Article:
Another Reason Why Investing in a Good Business Makes Sense

Value investing does not always work. Put more precisely, there are periods of poor performance and underperformance. As Joel Greenblatt has pointed out, if it wasn’t this way, everyone would do it. The good news is that, in the long-term, value investing consistently delivers satisfactory investing returns.

What is required is the patience to wait until the market recognizes the mispricing that you uncovered and re-prices a stock to reflect its intrinsic value. Sometimes the market recognizes this quickly, but frequently, it takes several years for this to happen.

This is one important reason why investing in good businesses makes sense. With a good business, time is on your side. There is less risk of the business losing value, and over time many good businesses grow in value so you get a double dip: the price increases to intrinsic value and intrinsic value grows. With a lousy business, time is your enemy as you face the risk that the business will deteriorate or burn through its liquid assets and lose value.

Here a useful list of characteristics of a good business from value investor Richard Pzena. The list can be used as a checklist when analyzing and thinking about an investment.

Good Business

High Barriers to Entry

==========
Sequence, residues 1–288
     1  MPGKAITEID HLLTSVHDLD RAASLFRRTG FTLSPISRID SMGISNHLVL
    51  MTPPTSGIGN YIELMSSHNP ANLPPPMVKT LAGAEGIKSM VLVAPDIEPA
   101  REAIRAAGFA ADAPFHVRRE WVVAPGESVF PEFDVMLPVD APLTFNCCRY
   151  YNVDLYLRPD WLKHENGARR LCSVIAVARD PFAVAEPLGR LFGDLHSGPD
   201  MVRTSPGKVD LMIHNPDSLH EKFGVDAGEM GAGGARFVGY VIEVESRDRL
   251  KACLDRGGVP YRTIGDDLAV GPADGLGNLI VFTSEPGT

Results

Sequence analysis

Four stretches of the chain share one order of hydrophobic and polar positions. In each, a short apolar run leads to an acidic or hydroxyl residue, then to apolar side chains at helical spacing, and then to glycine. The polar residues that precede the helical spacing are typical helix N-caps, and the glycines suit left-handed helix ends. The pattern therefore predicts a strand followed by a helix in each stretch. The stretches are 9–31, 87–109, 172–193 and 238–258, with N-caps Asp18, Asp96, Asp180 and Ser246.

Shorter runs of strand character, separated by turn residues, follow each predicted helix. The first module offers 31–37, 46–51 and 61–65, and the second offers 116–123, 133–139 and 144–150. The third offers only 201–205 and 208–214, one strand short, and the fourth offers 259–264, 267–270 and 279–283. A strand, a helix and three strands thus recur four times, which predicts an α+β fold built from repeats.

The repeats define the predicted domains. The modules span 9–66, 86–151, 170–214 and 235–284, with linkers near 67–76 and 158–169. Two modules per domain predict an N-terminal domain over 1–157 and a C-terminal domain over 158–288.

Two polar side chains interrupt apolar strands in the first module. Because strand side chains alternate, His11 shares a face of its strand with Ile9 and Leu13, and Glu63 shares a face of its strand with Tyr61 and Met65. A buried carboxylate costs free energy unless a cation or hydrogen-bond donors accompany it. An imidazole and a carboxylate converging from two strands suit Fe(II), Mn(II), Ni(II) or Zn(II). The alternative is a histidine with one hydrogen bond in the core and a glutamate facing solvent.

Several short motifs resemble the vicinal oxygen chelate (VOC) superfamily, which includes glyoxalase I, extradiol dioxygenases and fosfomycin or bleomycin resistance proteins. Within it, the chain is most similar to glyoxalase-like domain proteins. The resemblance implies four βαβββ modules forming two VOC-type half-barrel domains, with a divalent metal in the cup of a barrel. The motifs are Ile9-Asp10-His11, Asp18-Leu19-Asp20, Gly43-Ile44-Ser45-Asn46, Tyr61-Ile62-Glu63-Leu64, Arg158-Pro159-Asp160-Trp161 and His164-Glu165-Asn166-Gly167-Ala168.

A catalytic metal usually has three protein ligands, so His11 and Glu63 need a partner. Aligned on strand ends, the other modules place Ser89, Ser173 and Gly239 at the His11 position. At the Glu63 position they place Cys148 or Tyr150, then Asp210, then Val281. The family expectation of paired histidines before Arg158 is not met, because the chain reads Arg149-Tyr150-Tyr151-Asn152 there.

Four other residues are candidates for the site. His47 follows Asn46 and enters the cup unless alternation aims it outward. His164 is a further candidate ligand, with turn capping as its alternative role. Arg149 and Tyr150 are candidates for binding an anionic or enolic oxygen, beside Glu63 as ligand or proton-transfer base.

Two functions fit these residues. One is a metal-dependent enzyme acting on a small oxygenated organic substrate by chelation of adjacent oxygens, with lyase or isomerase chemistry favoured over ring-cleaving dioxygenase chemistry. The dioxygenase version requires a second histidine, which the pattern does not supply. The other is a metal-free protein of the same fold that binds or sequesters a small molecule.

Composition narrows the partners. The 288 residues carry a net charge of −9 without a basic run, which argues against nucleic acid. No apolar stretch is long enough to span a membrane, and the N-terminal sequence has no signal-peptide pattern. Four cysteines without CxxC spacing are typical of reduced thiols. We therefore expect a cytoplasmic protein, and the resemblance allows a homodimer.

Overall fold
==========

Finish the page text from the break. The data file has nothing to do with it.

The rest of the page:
Brand Name


High FCF

Loyal Customers

Growth Opportunity

Responsible Management Team

Pricing Power

Strong Balance Sheet

Low Capex Requirements

High-return Reinvestment Opportunities

Commodity Inputs – suppliers have low power

Bad Business

Obsolete technology – newspapers

Money Loser

No Strategic Vision

Legacy Costs – high cost producer

A Commodity Product

Poor Corporate Governance

Heavy Regulation

Prone to litigation

High Maintenance CapEx Requirements


2 thoughts on “Another Reason Why Investing in a Good Business Makes Sense

  1. Serge

    Having the time on your side is a very important point. I learned this the hard way. The flip side of the same argument is that shorting a good business is a dangerous thing to do, even if it is significantly overpriced – the time is working against you in that scenario, and the business might just earn its way up to its previously too-high valuation.

  2. Mohammed

    I think The Little Book That Builds Wealth by pat dorsey is good introduction on how to find good business with economic moat


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